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Financial Services: State of Software Security

By George V. Hulme on Aug 29, 2019 | 0 Comments

As we’ve recently covered, cybersecurity in financial services is having a challenging time keeping up with the rate of technological change. A survey conducted by the Ponemon Institute (on behalf of electronic design automation and software security company Synopsys) found that more than half of the financial services companies they surveyed suffered data breaches or system downtime due to attack.

The biggest challenges cited by those surveyed include stopping cyberattacks, managing risks in their supply chain, and assessing software for security issues after release or very late in the development process.

The State of Software Security in the Financial Services Industry report concluded that financial services firms must increase their attention toward cybersecurity, improve secure software development training, put into place more automated tools, and better manage open source components.

These organizations are still building needed software security skills and resources, and while most provide some form of secure development training for software developers, only a small percentage require or mandate such training, the report stated. To understand the effectiveness of their security controls, most of the organizations surveyed rely on their own internal assessments, rather than models such as the Building Security in Maturity Model or the Software Assurance Maturity Model.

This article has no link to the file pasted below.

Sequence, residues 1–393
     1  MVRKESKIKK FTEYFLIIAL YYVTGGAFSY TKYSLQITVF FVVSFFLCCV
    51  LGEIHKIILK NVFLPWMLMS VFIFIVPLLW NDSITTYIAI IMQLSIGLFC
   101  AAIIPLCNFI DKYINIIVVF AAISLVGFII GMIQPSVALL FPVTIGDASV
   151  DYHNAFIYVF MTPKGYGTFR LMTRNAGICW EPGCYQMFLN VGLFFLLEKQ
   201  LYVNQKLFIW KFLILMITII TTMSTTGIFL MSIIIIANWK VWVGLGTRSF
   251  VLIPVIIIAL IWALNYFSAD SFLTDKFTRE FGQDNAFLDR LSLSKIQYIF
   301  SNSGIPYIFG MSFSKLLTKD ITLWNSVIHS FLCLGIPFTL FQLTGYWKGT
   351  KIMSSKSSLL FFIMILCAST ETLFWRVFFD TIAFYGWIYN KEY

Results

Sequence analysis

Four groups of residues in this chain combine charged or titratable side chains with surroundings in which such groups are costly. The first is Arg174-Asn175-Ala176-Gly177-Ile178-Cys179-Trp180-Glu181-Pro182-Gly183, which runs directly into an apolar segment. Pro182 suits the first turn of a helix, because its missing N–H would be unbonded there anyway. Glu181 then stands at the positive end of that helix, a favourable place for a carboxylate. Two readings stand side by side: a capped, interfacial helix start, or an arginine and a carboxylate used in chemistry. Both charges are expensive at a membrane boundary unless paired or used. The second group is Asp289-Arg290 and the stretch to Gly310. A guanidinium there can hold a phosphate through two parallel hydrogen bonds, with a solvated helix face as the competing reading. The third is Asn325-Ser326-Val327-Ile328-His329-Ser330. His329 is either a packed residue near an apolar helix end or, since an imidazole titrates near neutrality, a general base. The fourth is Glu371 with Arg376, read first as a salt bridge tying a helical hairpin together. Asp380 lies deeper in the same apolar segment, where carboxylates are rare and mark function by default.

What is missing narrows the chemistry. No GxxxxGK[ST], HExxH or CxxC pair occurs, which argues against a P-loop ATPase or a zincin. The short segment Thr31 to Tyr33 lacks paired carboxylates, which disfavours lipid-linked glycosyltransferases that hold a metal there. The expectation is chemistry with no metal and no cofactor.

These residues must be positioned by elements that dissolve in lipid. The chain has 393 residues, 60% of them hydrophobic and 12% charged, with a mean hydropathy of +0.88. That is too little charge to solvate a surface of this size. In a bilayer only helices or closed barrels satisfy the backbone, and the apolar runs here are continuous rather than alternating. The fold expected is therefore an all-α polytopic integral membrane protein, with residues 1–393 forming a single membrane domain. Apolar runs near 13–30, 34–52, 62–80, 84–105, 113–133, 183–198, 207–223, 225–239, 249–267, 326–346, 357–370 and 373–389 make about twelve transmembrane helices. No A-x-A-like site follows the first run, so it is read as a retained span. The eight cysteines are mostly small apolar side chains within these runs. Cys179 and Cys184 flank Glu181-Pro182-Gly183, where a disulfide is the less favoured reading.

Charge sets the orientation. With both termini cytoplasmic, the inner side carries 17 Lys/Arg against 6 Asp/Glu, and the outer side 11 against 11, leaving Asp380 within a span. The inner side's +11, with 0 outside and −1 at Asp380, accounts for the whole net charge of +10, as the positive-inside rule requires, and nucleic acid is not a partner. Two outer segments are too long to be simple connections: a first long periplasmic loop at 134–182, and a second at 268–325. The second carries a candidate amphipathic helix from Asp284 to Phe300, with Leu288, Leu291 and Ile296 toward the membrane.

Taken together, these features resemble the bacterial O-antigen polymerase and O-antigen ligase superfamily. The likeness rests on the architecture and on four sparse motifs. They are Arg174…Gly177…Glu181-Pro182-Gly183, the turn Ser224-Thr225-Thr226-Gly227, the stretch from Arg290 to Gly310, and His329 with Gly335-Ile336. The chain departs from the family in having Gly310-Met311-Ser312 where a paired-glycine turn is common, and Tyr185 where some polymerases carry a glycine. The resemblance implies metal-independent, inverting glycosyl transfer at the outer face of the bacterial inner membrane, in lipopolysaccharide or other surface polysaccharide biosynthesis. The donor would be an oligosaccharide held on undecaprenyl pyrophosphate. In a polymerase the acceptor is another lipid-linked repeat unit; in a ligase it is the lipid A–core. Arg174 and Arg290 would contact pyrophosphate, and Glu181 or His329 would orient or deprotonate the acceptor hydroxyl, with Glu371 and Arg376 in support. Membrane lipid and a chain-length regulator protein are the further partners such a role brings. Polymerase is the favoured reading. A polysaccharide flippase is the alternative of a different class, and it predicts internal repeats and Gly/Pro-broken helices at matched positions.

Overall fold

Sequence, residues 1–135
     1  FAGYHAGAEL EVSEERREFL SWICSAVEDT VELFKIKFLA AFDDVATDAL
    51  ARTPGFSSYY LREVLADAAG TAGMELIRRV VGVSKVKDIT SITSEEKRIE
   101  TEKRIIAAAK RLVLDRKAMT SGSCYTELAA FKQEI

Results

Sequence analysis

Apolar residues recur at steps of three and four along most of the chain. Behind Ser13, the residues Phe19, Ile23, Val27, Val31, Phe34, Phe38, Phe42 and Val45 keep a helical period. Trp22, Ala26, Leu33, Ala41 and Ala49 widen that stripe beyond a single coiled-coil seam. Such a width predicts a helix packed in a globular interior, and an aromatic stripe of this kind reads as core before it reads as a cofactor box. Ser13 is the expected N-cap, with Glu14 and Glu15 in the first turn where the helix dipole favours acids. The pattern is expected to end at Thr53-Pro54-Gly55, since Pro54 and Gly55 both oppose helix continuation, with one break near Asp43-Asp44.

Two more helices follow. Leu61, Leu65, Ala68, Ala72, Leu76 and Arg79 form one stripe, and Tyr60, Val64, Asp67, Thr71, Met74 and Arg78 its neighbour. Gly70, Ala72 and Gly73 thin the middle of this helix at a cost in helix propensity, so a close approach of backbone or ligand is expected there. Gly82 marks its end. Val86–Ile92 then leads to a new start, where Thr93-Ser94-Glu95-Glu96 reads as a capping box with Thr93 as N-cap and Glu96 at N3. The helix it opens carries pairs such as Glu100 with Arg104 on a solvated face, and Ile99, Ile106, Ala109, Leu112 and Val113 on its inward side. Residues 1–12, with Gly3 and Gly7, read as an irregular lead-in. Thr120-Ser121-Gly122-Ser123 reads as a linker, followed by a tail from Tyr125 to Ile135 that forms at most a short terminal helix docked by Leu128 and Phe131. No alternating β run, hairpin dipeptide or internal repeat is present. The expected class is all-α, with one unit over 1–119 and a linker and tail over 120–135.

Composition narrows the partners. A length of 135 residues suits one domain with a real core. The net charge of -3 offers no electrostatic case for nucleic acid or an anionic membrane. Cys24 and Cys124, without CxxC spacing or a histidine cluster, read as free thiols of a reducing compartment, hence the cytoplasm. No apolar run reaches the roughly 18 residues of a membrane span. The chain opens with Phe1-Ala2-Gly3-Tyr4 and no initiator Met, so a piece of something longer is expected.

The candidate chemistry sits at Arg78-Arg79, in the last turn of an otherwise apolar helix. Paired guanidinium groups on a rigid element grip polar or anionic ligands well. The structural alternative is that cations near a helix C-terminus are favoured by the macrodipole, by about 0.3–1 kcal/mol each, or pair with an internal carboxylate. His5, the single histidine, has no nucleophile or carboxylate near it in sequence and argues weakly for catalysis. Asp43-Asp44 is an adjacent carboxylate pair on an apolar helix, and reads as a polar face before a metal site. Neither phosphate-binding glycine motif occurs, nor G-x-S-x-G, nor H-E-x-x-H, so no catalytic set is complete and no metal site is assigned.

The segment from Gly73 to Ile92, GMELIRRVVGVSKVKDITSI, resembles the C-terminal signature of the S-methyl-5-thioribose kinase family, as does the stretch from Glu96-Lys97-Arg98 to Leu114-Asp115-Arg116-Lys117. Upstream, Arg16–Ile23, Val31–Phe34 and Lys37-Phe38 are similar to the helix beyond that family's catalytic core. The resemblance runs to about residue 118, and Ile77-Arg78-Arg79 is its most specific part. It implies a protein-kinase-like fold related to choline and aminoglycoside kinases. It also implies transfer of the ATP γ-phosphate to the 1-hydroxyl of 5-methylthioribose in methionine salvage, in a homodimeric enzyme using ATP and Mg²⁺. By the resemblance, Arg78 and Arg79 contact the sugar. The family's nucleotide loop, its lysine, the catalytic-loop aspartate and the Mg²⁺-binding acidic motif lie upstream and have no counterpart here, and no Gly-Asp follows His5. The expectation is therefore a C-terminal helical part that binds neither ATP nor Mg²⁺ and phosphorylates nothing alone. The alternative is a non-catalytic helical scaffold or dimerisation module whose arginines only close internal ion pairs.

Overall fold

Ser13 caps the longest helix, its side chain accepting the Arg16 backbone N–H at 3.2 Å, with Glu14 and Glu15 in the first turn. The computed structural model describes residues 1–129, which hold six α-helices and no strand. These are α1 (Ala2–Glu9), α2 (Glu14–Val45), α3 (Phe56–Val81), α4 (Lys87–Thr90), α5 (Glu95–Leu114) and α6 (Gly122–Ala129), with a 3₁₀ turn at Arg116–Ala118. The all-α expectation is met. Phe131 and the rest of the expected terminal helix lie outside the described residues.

The biggest catalyst for software vulnerability creation is the fact that vulnerability testing is taking place very late in production. Unfortunately, most of the financial services firms surveyed report running their software security testing after applications are released. This is probably owing to a lack of application security expertise, concerns about costs, and a fear that security processes earlier in the software development life cycle might impede development and slow response to market conditions,” the report said.

In fact, less than 50% of respondents said software security assessments occur during design or development and testing, and only 25% were confident that their organizations can detect security vulnerabilities in their financial software and systems before release.

While most financial services organizations develop their own software inhouse, more are turning to third parties, the report said. “While nearly three- quarters of respondents surveyed in our report are gravely concerned about the possibility of security vulnerabilities introduced by third-party suppliers, less than half of their organizations require third parties to adhere to specific cybersecurity requirements or to verify their security practices,” the report said.

The survey found that few financial services companies have an established process to inventory and manage internal, or third-party developed, open source code. “The lack of open source management exposes organizations to additional risk from vulnerabilities in the open source components in their applications,” the report said.

The report found: